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Have you heard of Bristol-based Feminist Street Artist Vaj Graff ?

  • vaj graff queen victoria news 2016 post
January 12, 2016
Studied Photography at IED in Milan, Italy. Passionate about art, frequent visitor of exhibitions, Widewalls photography specialist and Editor-in-Chief.

If you live in Bristol, or you’ve read any UK newspapers recently, you probably have by now. For the last five days, the British Twitter community has been having a lot of fun discussing the statue of Queen Victoria located in Bristol’s College Green, which has been “defaced” by a feminist graffiti artist going by the name of Vaj Graff. Known for drawing female genitalia on buildings and monuments, she took upon herself to re-invent the 19th century statue the feminist way, by drawing a pair of legs, private parts and some pubic hair on the otherwise fully-dressed British monarch. The result? Divided opinions and lots of press, which Vaj Graff seems to be enjoying quite a bit.

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Vaj Graff Twitter profile, which she uses to celebrate her Queen Victoria graffiti work

Queen Victoria Statue Gets a Feminist Makeover

It was the late afternoon on January 7th when the residents of Bristol – or better yet folks over at Bertram Fiddle – first noticed that the 127-year-old monument of Queen Victoria had been sprayed with graffiti. It immediately sparked an ongoing debate, split between two prevalent opinions: one, that it was “vulgar”, “rude”, “offensive” and “disrespectful” to Britain’s second-longest reigning monarch in history, and the other, that it was simply “funny” and even “oddly beautiful”. While many consider it an act of vandalism, so much so that they even started a (very unsuccessful) petition urging the artist to apologise, a large portion of others disagrees. Vaj Graff instantly claimed responsibility for the graffiti, saying it was a feminist statement. Speaking to Bristol Post, she added: “”Queen Vic was a power woman. She was the original feminist and she was proud. All I did was show her how she wanted to be seen. What’s so offensive about that? Bristol loves shouting about street art but when it comes to something with a real message it can’t handle it.”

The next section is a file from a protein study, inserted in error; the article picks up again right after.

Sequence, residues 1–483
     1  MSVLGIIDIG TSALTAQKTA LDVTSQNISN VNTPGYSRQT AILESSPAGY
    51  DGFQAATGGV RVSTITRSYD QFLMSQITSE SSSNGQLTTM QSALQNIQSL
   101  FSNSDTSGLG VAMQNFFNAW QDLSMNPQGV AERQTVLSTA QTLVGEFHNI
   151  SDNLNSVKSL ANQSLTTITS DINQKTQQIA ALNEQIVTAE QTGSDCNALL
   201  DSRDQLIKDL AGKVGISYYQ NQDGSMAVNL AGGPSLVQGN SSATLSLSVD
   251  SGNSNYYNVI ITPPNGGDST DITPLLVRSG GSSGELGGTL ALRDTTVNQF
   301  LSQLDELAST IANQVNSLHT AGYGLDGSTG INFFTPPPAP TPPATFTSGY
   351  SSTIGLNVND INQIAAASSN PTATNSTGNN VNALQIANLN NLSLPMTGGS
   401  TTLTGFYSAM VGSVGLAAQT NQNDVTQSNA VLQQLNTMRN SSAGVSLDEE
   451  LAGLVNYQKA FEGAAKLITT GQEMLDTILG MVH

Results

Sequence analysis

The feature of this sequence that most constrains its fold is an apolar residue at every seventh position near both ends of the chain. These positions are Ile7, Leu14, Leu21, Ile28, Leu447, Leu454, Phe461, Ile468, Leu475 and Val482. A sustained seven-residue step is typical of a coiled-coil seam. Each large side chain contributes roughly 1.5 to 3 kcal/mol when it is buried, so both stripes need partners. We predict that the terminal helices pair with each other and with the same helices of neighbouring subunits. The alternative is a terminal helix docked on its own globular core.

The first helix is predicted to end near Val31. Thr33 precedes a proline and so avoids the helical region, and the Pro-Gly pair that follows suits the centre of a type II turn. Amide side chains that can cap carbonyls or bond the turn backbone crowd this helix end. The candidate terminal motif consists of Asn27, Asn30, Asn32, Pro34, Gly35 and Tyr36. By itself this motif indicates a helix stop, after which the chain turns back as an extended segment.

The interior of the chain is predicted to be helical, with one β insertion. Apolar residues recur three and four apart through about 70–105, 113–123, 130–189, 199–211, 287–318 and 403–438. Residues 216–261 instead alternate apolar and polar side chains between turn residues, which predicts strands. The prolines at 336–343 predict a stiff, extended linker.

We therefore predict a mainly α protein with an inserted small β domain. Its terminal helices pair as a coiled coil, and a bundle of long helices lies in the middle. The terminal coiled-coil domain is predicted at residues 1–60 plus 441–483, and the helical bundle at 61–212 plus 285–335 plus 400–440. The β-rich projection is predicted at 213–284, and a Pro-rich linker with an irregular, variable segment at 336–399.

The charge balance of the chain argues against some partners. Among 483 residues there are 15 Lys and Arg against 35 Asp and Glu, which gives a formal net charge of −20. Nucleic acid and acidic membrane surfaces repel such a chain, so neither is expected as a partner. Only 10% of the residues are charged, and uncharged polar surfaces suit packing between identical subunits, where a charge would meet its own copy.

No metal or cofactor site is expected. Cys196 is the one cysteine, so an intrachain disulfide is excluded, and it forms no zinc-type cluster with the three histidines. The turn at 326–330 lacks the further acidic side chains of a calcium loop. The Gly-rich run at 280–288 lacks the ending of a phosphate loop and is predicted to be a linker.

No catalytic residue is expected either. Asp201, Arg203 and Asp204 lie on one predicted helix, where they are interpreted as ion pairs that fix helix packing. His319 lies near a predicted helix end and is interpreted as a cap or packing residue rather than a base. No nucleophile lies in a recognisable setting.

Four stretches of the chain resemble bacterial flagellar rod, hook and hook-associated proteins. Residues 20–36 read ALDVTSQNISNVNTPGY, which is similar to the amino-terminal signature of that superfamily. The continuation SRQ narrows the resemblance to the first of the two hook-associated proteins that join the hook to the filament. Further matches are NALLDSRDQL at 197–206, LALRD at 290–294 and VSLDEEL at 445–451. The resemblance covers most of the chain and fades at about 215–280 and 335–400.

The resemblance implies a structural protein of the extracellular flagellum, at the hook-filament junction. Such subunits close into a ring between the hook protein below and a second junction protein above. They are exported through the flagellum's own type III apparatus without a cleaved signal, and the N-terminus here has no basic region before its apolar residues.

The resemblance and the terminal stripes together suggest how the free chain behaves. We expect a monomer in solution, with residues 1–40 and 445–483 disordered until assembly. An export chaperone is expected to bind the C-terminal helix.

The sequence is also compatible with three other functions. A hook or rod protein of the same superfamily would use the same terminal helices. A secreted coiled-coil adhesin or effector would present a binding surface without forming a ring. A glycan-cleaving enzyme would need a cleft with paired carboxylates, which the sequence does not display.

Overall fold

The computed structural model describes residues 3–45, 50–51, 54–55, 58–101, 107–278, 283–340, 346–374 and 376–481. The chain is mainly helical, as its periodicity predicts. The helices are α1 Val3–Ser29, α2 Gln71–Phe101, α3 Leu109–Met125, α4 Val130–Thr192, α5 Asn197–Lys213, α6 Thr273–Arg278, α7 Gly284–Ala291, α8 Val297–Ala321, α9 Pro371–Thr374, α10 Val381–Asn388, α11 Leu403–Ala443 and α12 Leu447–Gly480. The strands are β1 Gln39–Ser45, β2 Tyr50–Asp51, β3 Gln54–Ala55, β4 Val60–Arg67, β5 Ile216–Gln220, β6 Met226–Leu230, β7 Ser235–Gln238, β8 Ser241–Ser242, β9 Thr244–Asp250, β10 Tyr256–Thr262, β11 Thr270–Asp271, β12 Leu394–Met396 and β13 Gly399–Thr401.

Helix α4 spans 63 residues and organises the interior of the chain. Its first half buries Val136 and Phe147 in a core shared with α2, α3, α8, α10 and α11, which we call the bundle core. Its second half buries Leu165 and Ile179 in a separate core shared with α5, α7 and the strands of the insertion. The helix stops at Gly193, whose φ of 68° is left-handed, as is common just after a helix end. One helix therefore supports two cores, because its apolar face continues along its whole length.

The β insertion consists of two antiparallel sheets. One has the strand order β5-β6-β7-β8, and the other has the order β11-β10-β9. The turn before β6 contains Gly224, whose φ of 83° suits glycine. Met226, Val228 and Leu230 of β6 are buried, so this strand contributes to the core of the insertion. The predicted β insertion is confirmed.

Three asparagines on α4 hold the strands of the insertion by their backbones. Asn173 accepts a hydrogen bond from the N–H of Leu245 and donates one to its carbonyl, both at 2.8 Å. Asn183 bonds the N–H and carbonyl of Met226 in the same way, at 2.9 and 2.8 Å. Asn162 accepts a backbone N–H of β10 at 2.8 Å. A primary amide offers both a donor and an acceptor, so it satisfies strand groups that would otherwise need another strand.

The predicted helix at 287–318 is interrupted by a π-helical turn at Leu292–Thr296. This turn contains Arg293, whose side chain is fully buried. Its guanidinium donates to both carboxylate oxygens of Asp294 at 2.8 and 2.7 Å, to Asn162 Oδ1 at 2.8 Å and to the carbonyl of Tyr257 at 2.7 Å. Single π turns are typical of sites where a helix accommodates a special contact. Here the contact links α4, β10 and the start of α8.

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A screenshot from Vaj Graff’s official website

Vaj Graff and her Pubic Hair Graffiti – Girl Power Message or a Publicity Stunt?

From her artistic moniker alone we can conclude that Vaj Graff cares about feminism and spreading it out through the means of graffiti. On her website, the artist claims that her main goal is to fight male-dominant graffiti imagery in Bristol. ”The art world is male dominated. Fact. Street art is male dominated. Fact. So I’ve got to represent. I’ve got to redress the balance.” A few of her stencil pieces depicting vaginas can be found across the city, in support of her cause. Another thing that Vaj Graff is fighting against is the art of Banksy, whom she continues to criticise and whose name she uses to call out inequality and hypocrisy in terms of provocative street art. ”If Banksy’s allowed to paint a naked man hanging out a window of a sex clinic, then why can’t Queen Vic be seen in all her glory?”

Although she makes some good points, it sounds to me she is a little bitter about Banksy’s popularity, so at least now she’s getting her own five minutes of fame too. According to reports, the graffiti “revealing” Queen Victoria have been washed off the statue since its feminist makeover occurred, but Vaj Graff’s name continues to appear in almost every newspapers in England. It is probably safe to assume that the artist didn’t really expect her local stunt to go nation-wide as it did, but any marketing is good marketing, and she seems to be indulging it unapologetically. Vaj Graff appears to be a young graffiti artist, active only since June 2015 and with no market for her art – which could change after all this. Let’s choose to believe it was just the matter of the right moment for her, because I’d be really sorry to hear she used her feminist message just to get in the spotlight.

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Featured image courtesy of Vaj Graff.